When the dahlias, salvias and chrysanthemums are giving the display of the year, grasses softly interlacing in-between shrubs while leaves begin to turn a little - it’s easy to see why September is my favourite month. I love the warm days and vibrant colours. By the autumn equinox, plants know that the nights are longer than the days and pump out flowers in triple quick time to ensure the future succession. It is bitter sweet that the best really does come last. In my flower growing classes, I talk about how one needs to think in 4D across the year; whilst one plant is flowering, another is resting beneath the ground. Meaning that there never really is a start to the gardening year. But if there is a month to begin, or crown the ‘new horticultural year’ I believe September to be it. Now is a great the time to sow annuals, begin sprouting ranunculus and anemones, plant narcissus and other spring bulbs (wait until Nov for tulips). Lift and split spring flowering perennials. Essentially get ready for the Spring. And now the soil is damper, you can think about how to improve your soil for great plant health and display next year. With the heat and drought of this summer, it won’t have escaped any of us that gardening will look very different in the future. Good soil health - particularly substrate that will absorb and hold on to water far better - is the first place we should be looking to start. My top tips begin with reducing how much you move the soil. Use a hoe and only dig when you need to lift or plant something. Leave roots in the soil, reducing evaporation and any disturbance of the micro bacterial activity. Add a centimetre or so of mulch each year to your beds. Use your own homemade compost (or order from Field Compost or Madingley Mulch. Ask them to advise you on the product depending on your soil type and use). New beds can start with cardboard over weeds and pile on about 5” of compost or organic matter. It really works. Check out Charles Dowding for more on this. Cover the soil at all times. From spring to autumn, I sow quick growing radish, salad leaves, nasturtiums and calendula between flower crops, with squash and pumpkins over compost heaps and empty patches. Then later in the year, sow green manures to bind the soil and continue feeding the microbiology over the winter. Sometimes I might lay spent crops on the soil too. Growing different species of plants in the same space and allowing plants to self sow here has been great for reducing pests and diseases. This is polyculture, creating natural biodiversity and balance. Sure, it does take me longer to cut flowers efficiently but I know my soil health and plants are much healthier for it. And finally, the watering. More water butts, anything that I can store water in, dropping a watering can in for pots and seedlings. In cropping beds and permanent borders, I am installing drip tape everywhere. I like to water as little as possible , and when I do, I water by hand. But this summer, that wasn’t enough. Often the quick draining sandy soil dried out so much in-between. Where we do have soaker hoses and drip tape, the plants have done so much better with far less water. Soaker hoses give more targeted efficient irrigating since the hose with tiny holes realise water slowly which means the soil gently absorbs the water and holds on to it. This is best if you can set up a timer and run hoses for a few hours late in the evening as and when it’s required. You can really take any one of these ideas this September and begin to apply in your gardens. I guarantee they will be better for it and we can look forward to future Septembers of still vibrant gardens whatever the weather.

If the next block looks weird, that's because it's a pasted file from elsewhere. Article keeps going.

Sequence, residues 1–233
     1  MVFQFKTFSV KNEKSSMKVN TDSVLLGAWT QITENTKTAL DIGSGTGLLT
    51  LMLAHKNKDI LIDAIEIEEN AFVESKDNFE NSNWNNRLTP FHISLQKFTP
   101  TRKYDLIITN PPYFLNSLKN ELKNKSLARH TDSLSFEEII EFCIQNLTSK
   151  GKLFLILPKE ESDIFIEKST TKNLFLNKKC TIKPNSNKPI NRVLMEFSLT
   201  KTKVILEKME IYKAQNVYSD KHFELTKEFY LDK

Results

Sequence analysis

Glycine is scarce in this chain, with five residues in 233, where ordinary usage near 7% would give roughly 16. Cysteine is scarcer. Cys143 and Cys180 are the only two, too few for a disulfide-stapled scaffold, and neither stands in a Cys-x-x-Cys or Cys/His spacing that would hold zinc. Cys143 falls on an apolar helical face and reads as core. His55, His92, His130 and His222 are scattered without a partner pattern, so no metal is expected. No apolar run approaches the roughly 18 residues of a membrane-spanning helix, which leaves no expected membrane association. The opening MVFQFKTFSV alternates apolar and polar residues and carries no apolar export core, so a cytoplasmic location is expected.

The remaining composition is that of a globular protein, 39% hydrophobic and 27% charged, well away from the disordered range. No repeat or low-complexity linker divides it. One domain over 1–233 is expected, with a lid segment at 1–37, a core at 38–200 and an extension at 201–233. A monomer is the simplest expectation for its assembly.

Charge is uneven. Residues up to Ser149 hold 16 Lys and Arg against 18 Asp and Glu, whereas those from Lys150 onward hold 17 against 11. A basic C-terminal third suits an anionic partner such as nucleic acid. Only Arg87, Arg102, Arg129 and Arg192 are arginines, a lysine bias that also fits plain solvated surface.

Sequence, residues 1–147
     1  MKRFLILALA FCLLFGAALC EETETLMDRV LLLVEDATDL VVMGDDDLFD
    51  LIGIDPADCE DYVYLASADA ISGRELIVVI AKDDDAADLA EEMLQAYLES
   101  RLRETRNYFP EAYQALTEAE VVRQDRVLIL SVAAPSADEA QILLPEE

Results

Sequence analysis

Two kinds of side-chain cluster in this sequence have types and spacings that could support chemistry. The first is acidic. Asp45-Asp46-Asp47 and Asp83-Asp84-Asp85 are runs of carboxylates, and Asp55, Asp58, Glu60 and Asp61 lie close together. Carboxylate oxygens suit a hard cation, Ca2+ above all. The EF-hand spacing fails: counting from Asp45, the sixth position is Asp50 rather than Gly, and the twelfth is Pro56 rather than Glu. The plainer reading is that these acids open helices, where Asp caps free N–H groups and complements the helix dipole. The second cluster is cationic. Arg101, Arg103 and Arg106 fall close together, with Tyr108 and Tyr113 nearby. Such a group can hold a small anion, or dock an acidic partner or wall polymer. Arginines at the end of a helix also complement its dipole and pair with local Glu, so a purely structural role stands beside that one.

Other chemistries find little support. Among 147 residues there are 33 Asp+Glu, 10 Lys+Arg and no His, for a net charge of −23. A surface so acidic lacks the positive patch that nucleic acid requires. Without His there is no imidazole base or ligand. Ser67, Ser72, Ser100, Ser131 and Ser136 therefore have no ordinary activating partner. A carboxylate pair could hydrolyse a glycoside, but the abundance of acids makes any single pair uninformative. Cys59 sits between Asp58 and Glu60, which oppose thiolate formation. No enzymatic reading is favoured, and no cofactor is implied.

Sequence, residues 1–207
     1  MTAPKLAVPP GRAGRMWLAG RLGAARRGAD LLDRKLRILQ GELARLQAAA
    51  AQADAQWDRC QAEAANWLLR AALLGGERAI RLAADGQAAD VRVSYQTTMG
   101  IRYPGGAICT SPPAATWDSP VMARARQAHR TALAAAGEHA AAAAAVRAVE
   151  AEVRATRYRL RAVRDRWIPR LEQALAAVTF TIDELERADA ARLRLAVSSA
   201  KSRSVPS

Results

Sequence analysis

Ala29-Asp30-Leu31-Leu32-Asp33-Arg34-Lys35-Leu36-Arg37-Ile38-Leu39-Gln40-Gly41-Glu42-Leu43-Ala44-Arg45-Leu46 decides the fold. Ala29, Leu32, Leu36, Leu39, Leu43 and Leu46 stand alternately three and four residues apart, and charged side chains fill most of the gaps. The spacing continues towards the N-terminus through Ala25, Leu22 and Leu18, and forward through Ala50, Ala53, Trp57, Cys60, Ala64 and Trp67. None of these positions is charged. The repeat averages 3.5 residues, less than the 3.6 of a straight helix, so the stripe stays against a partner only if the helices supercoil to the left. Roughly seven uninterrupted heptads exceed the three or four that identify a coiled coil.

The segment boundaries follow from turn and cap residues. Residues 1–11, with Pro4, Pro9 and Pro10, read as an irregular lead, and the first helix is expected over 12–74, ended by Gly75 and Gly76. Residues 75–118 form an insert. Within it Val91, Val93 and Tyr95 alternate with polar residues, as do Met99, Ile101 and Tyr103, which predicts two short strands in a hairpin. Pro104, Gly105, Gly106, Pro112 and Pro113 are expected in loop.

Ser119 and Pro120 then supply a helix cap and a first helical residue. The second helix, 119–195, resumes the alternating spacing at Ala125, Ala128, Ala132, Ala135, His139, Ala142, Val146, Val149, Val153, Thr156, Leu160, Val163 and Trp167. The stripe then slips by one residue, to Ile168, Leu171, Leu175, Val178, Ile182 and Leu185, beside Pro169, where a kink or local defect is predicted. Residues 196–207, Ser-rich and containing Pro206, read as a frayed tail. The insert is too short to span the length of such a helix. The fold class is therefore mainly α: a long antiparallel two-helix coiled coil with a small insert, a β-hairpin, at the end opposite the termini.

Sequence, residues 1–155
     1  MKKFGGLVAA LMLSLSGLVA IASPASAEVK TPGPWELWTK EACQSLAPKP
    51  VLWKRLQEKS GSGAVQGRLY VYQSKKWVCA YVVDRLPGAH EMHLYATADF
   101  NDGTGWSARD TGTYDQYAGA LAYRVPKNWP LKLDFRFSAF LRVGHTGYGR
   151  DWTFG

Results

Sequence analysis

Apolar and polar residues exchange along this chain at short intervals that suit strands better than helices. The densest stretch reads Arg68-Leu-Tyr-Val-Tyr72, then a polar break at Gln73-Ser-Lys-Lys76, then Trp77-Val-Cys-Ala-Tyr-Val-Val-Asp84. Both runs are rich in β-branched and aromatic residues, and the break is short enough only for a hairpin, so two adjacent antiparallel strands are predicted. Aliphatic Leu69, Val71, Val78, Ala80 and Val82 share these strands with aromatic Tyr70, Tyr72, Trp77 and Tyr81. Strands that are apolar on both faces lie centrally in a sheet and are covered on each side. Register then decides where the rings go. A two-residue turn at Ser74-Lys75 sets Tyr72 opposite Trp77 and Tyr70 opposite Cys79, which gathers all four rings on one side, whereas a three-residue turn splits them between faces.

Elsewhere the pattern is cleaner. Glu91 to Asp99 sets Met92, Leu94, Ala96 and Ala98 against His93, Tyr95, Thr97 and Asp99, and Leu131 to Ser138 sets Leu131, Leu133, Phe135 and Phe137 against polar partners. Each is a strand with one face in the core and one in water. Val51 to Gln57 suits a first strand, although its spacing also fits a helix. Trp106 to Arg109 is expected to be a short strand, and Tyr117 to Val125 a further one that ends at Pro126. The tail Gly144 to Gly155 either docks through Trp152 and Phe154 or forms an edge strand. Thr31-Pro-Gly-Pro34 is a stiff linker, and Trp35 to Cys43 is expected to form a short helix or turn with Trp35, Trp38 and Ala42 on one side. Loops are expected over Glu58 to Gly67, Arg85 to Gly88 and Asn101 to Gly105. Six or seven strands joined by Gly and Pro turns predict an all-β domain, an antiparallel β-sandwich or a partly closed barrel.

Originally published in Cambridge Edition September 2022